Sounds like a job for Monica Gellar...
January 29, 2008 10:55 PM   Subscribe

How can I create an indexing system for the collection of scholarly journal articles that I'm quickly amassing?

I'm currently in an MS program and headed for a PhD in Psychology, thus my collection of articles, and my subsequent ability to access those articles is of growing importance. I had been keeping hard copies in file folders by topic, but the more classes I take and the more I explore my interests, the more the topics converge.

I was thinking that there has to be a way to assign each article a number to go in a database along with some tags for quick searching, as well as something to indicate in which formats I own the article, and other articles that I own that cite the article. My research adviser and I were discussing our mutual disorganization and she alluded to some software a friend purchased that did this or something similar, but my hunch is that I could do this with MS Access (which I own, but am completely unfamiliar with) or something else that I already have, or could have for free.

Your thoughts?
posted by messylissa to Computers & Internet (17 answers total) 11 users marked this as a favorite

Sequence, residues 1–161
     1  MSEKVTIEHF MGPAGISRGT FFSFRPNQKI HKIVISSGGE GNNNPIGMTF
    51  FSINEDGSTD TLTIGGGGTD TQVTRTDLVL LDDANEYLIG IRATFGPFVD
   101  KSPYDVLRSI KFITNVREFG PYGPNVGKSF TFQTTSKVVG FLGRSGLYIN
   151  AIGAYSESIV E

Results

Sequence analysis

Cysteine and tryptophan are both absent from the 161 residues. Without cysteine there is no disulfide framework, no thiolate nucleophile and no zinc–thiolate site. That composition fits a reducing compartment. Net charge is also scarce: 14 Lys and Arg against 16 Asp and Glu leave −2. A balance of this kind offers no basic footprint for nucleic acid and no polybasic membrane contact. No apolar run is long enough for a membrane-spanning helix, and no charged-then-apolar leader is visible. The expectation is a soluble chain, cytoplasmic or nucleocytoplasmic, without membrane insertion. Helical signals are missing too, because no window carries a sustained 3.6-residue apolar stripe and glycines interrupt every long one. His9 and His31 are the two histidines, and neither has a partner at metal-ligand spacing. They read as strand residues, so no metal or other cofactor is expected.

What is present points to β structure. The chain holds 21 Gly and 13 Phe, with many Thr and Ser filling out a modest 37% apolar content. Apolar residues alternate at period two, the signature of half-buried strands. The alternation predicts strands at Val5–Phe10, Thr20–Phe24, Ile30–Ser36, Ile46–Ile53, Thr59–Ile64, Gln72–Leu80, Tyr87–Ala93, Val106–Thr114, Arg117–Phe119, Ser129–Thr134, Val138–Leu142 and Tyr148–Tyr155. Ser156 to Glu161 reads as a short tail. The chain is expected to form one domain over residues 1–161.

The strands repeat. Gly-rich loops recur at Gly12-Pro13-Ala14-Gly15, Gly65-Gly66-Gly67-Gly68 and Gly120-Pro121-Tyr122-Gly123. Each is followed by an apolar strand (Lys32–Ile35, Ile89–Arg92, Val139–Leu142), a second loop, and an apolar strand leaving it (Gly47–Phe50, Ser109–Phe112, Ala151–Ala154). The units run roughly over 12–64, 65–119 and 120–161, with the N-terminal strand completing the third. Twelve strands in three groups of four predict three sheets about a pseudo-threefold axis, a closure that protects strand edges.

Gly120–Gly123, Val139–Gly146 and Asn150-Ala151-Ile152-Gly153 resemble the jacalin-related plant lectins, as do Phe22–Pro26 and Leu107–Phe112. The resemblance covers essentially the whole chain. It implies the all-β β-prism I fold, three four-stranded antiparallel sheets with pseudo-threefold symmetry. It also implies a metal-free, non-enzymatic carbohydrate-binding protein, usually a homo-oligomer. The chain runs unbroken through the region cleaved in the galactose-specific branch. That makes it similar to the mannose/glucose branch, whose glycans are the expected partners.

CiteULike does exactly what you're looking for (though I'm not sure about the MS Access support).
posted by aladfar at 11:14 PM on January 29, 2008

Best answer: See this article in Wikipedia on reference management software. If you have access to an OS X machine, BibDesk is the clear winner.
posted by onalark at 11:30 PM on January 29, 2008

I've heard good things about Papers as well, if you're on OSX.
posted by suedehead at 11:51 PM on January 29, 2008

Best answer: Previously on AskMe 1, 2.
posted by Rumple at 12:38 AM on January 30, 2008

Response by poster: Bummer...just to clarify, running Windows XP, not OSX.
The Wiki article looks promising, but I'm still looking...
posted by messylissa at 12:49 AM on January 30, 2008

How do you intend to write up your work? If you're prepared to give LaTeX a go (and I recommend that you do) then BibTeX will do what you want.
posted by gene_machine at 1:50 AM on January 30, 2008

Like everyone else says, use your referencing software, either embedding pdfs so you avoid paper problems, or if you must have paper then using keywords linked to box files with the first keyword attached to each software library entry on the front of the box.
posted by biffa at 2:24 AM on January 30, 2008

I've heard a lot about the animated mindmapping tool Personal Brain:

"Dynamic mind mapping software that lets you link your ideas, files and web pages the way you think. Files and folders are incapable of expressing the mutli-dimensional relationships and concepts that give your information intelligence and meaning."